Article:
Shantra didn’t understand why, but he accepted that he would have to share his stars with whoever
the sentry was. He would often stay up listening to the sound of the sentry breathing.
One night, three or four days after they’d entered the Druid’s wood, he woke up to relieve himself
in the woods. The fire had died down and the stars and the moon gave everything a fuzzy edge. As
he stood in the temple of trees, one of the ravens landed in front of him. Shantra backed away slowly,
but jumped as he felt talons on his shoulders. Another raven firmly grasped him, although it didn’t
break his skin or pierce through his tunic. He didn’t dare move.
He could feel its cool beak open the collar and his back seemed to twitch a little. The two birds
exchanged a glance and a raspy caw. Shantra didn’t know whether to be afraid or not. The shadows
the birds cast were larger by far than they were, and it made them look monstrous. The two birds
cocked their heads to the side again, and then were gone. They didn’t leave a feather behind.
Lley was waiting for him when he got back. The man was fingering his bracelet and in the
moonlight it seemed almost alive.
“Couldn’t run this time?” The sneer was still in his voice, but there was an undertone of fear in it.
Shantra had never thought of Lley being afraid before. “You’ve seen him, haven’t you? What did he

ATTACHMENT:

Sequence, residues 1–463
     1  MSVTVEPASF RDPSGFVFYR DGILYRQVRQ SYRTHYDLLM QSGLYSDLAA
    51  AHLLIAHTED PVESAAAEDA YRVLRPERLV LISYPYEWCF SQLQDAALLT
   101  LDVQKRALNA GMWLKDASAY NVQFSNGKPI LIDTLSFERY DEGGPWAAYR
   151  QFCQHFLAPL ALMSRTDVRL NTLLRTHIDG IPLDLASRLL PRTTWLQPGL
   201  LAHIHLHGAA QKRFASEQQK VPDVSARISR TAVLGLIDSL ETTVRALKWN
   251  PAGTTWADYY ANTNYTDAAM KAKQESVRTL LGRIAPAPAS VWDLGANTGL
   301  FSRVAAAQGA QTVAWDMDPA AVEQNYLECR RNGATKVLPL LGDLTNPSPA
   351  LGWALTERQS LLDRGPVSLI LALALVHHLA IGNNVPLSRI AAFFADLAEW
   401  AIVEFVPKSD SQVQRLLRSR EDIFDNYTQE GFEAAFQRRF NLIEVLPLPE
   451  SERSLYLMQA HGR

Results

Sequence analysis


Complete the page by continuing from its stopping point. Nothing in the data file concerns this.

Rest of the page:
look like this time?” Lley stood up and moved close to Shantra. “You’ve seen him, I can see it in your
eyes.” His hand was where the claw had been mere minutes before. To Shantra, the warmth of his
hand seemed heavy. Lley’s eyes flashed in the reflection from the silver bracelet.
“Good thing you can’t tell anyone. Good thing.” He shoved Shantra away and walked past him,
standing in the edge of the clearing. Shantra lay down and the stars winked at him. He thought he
saw a shadow pass over them for the briefest of seconds.
A few days later while they were walking, they saw a herd of deer in the distance. One of the men
had his bow ready, but as he bent it to shoot, it split along its length, all the way from the top to the
handle. The sound echoed through the trees. Lley cursed him in front of the troupe, but it didn’t
help to bring the deer back. They were gone. The cawing of ravens all around seemed to mock them.
That night, after they made camp, Shantra thought about how good that fresh meat would have
tasted. The meat they had butchered at the farm was cold and greasy, reheating it in the night by the
fire was no longer enough. He had heard many of the men muttering amongst themselves and the
man whose bow had split sat by himself, far from the fire. Shantra saw Lley make the sign of the
evil eye at the man and then began nervously playing with the bracelet.
Accidents happened over the next few days. One man slipped and fell into the fire, burning his
entire leg and ruining his boots and clothes. Shantra could see him wince every time he moved.
He and Lley got in an argument shortly afterward, but the next morning he was marching with
everyone else.
They didn’t see any more animals, other than the ever-present ravens. The birds were always
within sight. Shantra sometimes thought they winked at him, but he never saw the same bird do it
twice. None of the men dared to shoot at the birds anymore. Soon they were bold enough to swoop
in near the fire pit and eat crumbs. One man tried to catch one, swearing it would be good luck, but
Lley slapped him, hard. He said that the ravens were the ‘Druid’s birds’ and he didn’t want them